China has the world's largest number of Internet users (there are over 600 million Chinese speaking Internet users), a vibrant web-based economy and social media landscape, and a government intent on managing the technology's social and political effects. The Studying the Chinese Internet workshop (held 31st July and 1st August) brought the nascent study of the Chinese web to the ANU with presentations by researchers from China studies, computer science and the social sciences.
Lexing Xie, Jin Han and Jiaying Zhao
The event was co-hosted by ADSRI and the Australian Centre on China in the World (College of Asia & the Pacific). The organisers were Robert Ackland (ADSRI), Dr Wai Yip Ho (visiting ADSRI on an Endeavour Fellowship), Sarah Logan (School of International and Political Studies, CAP) and Ryan Manuel (Australian Centre on China in the World, CAP).
Jonathan Zhu and Robert Ackland
The first day of the workshop was a small group training session run by Robert Ackland, involving an introduction to social network analysis and hands-on training in the NodeXL and VOSON tools for collecting and analysing social media and WWW hyperlink network data. The training session was attended by 12 participants. Professor Jonathan Zhu (Director of the Web Mining Lab, City University of Hong Kong), who was the keynote speaker on Day 2 of the workshop, also gave a guest lecture at the training session.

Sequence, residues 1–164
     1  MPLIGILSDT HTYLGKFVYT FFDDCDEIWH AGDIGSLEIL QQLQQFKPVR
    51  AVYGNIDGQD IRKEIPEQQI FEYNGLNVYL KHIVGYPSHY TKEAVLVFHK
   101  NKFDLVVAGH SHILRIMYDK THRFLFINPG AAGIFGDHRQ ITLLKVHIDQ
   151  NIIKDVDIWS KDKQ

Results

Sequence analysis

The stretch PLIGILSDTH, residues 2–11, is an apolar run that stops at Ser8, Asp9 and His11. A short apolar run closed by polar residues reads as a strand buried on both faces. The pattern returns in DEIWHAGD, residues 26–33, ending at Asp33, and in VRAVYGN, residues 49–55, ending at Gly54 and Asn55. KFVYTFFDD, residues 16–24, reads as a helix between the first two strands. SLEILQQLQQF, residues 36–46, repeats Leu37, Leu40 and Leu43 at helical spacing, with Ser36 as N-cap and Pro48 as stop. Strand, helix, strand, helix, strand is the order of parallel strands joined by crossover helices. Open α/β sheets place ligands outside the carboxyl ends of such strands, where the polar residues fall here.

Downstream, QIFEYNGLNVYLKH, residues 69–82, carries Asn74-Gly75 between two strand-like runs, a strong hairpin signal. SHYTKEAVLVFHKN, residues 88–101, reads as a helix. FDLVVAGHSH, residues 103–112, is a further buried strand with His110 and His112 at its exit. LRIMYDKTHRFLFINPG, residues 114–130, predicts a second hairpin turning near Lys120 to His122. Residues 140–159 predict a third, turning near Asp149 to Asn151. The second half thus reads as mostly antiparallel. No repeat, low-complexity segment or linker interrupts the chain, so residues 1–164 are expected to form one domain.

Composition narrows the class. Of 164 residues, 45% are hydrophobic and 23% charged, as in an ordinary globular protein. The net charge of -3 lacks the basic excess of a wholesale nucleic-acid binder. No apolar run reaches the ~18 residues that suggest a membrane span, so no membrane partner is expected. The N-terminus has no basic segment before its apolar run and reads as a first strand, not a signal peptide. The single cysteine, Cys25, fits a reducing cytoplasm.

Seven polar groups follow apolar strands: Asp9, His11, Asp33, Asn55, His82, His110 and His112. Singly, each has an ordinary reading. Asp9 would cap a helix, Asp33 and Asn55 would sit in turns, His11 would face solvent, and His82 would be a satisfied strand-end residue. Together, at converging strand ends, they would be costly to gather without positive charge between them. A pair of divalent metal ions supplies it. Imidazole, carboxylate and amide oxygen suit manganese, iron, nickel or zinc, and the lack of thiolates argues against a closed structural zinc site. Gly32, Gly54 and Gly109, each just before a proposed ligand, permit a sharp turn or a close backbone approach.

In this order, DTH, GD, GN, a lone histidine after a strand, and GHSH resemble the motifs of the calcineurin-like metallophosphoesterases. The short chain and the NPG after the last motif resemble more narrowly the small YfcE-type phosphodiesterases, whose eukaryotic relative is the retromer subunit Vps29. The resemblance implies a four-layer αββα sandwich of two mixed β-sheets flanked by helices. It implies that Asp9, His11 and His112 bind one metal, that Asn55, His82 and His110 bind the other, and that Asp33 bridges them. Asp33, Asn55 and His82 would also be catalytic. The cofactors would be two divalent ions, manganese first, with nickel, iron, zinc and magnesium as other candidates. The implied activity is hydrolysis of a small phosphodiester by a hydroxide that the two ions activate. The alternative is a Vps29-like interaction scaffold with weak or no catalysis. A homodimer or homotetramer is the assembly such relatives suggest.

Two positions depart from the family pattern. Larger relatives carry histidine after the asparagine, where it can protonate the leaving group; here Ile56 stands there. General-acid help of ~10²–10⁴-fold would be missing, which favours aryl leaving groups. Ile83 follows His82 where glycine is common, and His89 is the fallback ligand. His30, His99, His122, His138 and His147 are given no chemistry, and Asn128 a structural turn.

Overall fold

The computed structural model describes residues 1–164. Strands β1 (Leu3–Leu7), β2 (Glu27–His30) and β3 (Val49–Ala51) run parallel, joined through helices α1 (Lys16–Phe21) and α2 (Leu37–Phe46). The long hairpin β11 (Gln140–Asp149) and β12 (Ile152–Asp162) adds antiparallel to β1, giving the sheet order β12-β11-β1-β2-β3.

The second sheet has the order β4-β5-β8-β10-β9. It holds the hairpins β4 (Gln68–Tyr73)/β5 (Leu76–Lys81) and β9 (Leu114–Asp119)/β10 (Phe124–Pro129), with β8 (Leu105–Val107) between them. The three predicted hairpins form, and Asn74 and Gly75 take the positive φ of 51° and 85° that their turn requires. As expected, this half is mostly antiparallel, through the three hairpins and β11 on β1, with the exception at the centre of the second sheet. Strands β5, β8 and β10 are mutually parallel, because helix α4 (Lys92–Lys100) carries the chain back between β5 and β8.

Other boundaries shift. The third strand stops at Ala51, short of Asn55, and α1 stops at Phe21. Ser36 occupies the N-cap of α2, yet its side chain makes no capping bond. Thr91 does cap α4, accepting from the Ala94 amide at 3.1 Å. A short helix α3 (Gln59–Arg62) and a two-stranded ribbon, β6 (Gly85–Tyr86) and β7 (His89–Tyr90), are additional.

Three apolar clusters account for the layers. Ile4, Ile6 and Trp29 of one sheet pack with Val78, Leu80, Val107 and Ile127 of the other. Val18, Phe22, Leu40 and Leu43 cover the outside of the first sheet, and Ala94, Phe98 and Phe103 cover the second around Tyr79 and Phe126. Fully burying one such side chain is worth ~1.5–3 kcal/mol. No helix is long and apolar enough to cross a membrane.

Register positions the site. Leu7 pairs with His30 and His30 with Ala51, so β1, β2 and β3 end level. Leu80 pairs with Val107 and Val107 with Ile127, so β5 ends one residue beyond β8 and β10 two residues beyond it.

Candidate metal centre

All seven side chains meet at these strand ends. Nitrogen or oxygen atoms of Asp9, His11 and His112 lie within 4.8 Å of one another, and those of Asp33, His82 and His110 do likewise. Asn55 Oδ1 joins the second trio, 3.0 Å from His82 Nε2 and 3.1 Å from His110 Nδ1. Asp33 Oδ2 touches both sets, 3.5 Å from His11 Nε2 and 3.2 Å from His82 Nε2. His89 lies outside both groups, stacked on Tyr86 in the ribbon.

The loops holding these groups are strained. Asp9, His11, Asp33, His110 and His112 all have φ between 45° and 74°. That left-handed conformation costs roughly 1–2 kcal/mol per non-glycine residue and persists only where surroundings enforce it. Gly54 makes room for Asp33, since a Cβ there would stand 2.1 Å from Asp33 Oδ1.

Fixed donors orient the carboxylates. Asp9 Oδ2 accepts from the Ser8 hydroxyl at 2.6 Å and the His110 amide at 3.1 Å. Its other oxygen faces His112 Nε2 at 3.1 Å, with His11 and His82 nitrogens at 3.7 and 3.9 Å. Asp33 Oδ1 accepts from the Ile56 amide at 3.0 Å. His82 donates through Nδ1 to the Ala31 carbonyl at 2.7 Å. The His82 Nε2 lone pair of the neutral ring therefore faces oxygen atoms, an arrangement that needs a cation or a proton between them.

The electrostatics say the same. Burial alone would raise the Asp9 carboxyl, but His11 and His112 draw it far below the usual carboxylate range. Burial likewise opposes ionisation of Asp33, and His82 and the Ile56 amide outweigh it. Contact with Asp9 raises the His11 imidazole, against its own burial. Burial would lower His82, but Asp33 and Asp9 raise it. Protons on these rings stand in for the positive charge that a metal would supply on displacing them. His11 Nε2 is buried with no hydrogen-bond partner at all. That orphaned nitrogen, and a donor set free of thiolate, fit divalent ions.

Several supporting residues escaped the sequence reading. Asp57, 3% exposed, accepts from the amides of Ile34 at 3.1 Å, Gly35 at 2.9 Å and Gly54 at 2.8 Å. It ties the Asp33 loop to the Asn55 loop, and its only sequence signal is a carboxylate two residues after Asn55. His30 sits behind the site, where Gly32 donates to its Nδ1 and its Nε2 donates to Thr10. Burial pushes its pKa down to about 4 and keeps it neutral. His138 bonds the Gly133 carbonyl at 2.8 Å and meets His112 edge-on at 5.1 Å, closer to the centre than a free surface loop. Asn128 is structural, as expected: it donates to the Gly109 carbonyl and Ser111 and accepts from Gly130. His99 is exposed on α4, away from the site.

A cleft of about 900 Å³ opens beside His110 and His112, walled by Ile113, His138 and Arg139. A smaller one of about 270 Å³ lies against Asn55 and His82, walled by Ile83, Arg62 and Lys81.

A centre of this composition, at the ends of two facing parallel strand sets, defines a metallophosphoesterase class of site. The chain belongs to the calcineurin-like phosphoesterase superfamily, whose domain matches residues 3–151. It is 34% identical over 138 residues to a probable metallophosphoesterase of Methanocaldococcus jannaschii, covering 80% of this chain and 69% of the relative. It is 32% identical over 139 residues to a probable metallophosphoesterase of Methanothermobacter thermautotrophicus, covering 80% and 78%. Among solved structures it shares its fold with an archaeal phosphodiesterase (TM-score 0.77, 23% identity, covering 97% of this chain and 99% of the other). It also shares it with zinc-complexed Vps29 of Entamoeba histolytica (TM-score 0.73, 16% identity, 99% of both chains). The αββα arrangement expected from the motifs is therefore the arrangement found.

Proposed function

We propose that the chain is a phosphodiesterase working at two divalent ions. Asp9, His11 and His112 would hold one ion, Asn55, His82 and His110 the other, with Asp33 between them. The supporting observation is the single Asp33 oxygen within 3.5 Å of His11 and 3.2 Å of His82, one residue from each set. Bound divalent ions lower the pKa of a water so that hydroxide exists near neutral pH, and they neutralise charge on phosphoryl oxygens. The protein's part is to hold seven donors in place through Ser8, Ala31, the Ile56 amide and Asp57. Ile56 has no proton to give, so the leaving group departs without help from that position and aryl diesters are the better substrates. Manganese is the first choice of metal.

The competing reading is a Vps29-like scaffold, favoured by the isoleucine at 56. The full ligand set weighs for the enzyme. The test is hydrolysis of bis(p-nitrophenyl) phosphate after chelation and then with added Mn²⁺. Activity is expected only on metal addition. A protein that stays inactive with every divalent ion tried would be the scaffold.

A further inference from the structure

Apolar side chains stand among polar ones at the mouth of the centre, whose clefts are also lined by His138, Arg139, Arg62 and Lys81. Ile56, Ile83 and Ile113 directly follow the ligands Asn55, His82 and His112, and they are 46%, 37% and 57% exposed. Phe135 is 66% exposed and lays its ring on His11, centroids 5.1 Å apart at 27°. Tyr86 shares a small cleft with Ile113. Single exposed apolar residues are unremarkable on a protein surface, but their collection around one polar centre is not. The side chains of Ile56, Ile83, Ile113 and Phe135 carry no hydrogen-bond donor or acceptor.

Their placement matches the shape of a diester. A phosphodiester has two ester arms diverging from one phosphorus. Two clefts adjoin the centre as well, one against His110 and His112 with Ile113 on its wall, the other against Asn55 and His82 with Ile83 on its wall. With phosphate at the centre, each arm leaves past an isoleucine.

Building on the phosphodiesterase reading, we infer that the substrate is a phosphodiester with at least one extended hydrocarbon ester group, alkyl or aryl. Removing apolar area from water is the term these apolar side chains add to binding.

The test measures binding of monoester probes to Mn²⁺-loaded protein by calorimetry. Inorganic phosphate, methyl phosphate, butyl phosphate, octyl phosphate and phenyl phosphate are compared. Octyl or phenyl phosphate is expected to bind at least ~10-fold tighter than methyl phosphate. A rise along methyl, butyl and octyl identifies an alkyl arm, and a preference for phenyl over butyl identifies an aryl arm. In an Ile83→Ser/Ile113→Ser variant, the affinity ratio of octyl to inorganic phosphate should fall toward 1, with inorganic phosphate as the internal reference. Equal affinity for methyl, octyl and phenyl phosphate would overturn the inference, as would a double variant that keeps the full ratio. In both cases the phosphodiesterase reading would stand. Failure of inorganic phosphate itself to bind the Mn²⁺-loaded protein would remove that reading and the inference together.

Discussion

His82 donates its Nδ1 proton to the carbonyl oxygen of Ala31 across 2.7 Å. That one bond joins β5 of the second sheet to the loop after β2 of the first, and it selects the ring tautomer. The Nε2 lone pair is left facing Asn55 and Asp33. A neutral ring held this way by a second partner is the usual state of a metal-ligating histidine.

Jerry Watkins and Chong Han
The second day of the workshop was held in the Australian Centre on China in the World (CIW), and was attended by around 35 participants. The day commenced with opening comments by CIW Director, Professor Geremie Barmé. This was followed by Professor Zhu's keynote presentation which provided a fascinating overview of the Chinese social media landscape, summarising the key insights that have been provided by research to date and what research gaps still exist.
Lennon Chang and Wai Yip Ho
The remainder of the day was presentations by other researchers on a wide range of topics, from using hyperlink network analysis to study HIV information delivery in China (Robert Ackland and Jiaying Zhao, ADSRI) to Chinese Internet governance (Ryan Manuel, CIW). Two presentations focused on different aspects of Chinese identity and the web: Jerry Watkins (University of Canberra) and Chong Han (University of Western Sydney) presented on using social media to study identity formation of professional Chinese migrants in Australia, while Wai Yip Ho (Hong Kong Institute of Education) and Robert Ackland (ADSRI) showed how Chinese web data can be used to provide insights into the everyday life of Chinese speaking muslims. ANU PhD student Jin Han (National Institute of Mental Health Research) received some media coverage for her joint research on using social media data to identify depressed individuals in China. ANU computer scientist Lexing Xie presented on her project on the use of Sina Weibo (the Chinese equivalent of Twitter) for analysing real-world events. The topic of Lennon Chang's (City University of Hong Kong) presentation was 'human flesh search' which is a Chinese form of Internet-enabled crowd sourcing, often involving vigilantism. The day was finished with Michael Jensen and Wei Si's (University of Canberra) presentation on the demographics and geography of Chinese internet users, in the context of changes in political attitudes and consumer practices.
Michael Jensen and Wei Si